Islamabad, March 17 (EFE).- Pakistan’s Parliamentary Secretary for Law and Justice Maleeka Bokhari said on Thursday that the state has filed an appeal in the country’s top court against the acquittal of the brother of social media celebrity Qandeel Baloch for her murder in a lower court verdict last month.
Baloch was allegedly strangled to death in 2016 by her brother Muhammad Waseem, who confessed to strangling her in a press conference arranged by police for “bringing shame” to the family in a case that grabbed headlines in the Islamic country, where women often face persecution for going against conservative values.
Waseem was convicted of the murder and sentenced to life imprisonment in 2019, but was acquitted last month by the Multan (southern Punjab) bench of the Lahore High Court after his mother “pardoned” her son.
“State has filed an appeal against the acquittal in Qandeel Baloch case,” Bokhari tweeted, adding that in this case Supreme Court has an opportunity to set a precedent for such “brutal murders.”
The government of Prime Minister Imran Khan “continues to stand for protection of rights of women & girls,” she insisted.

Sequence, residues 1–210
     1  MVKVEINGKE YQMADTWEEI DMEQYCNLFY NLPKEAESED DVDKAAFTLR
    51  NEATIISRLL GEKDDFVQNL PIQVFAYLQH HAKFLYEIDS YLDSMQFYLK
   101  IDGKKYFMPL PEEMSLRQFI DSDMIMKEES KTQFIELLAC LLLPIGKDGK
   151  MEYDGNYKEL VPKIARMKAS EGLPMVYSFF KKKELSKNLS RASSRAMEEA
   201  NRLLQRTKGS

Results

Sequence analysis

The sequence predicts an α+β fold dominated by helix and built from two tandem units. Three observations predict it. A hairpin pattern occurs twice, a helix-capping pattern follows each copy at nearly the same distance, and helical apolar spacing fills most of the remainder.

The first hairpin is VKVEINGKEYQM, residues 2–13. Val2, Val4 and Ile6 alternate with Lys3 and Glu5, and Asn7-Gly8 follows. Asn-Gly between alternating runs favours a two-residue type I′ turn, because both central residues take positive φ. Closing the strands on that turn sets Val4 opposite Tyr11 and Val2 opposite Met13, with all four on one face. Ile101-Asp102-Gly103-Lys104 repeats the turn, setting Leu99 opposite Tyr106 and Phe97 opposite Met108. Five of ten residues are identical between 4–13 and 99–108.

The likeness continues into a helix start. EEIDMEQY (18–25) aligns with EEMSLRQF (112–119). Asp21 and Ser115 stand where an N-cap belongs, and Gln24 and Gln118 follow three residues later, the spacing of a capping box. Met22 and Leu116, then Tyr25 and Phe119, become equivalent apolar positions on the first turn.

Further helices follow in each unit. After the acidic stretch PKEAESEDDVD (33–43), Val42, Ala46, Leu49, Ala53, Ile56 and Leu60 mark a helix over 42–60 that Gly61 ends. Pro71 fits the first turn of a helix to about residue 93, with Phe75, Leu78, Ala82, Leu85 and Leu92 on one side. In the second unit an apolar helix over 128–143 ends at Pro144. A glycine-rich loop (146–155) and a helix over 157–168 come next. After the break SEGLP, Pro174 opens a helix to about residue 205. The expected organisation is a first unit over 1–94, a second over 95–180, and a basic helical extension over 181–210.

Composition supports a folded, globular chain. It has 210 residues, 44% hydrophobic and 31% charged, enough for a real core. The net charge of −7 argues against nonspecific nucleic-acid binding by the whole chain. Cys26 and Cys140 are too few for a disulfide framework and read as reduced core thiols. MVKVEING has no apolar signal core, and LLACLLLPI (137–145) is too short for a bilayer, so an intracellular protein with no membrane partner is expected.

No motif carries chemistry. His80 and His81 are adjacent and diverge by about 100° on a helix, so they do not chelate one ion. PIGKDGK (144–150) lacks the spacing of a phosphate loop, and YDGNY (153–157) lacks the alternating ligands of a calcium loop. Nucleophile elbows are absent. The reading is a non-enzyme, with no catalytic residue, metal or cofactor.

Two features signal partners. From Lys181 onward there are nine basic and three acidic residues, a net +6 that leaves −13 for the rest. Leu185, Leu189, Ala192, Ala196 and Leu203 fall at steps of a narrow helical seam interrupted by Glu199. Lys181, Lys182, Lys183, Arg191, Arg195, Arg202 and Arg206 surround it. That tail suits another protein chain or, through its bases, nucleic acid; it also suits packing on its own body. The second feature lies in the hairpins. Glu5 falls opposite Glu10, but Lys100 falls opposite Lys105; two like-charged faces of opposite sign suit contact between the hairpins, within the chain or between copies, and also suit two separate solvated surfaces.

Baloch’s killing sent shockwaves in the south Asian nation of 220 million people and led to changes to the country’s laws covering the so-called “honor killings.”
Following the Baloch murder, the government approved a law in Oct. 2016 against honor killings whereby family pardons were done away with, a legal loophole under which many men were freed after killing a woman, usually a sister or a wife.
The law also established a mandatory 25-year prison sentence for those found guilty as well as the creation of fast-track courts to speed up hearings.
However, Waseem’s lawyer Sardar Mehboob has argued that the new law does not apply in Baloch’s case as it was amended after the murder.
He told EFE on Thursday that even though the High Court did not mention this point in its verdict, it had referred to it during the trial proceedings.
“The main point Waseem was acquitted on, as the court said in its order, is that his confessional statement was not taken under due procedure,” the lawyer said.
Qandeel, 26, whose real name was Fauzia Azeem, had gained popularity for posting “bold” photographs, videos and comments on social media including Facebook, where she had amassed some 730,000 followers.
The so-called “honor killings” are not uncommon in south Asia and often involve relatives acting over what they consider an insult to family values.
But it is believed that the figure could be much higher due to a lack of complaints and fact that, in many cases, such crimes are committed by close relatives. EFE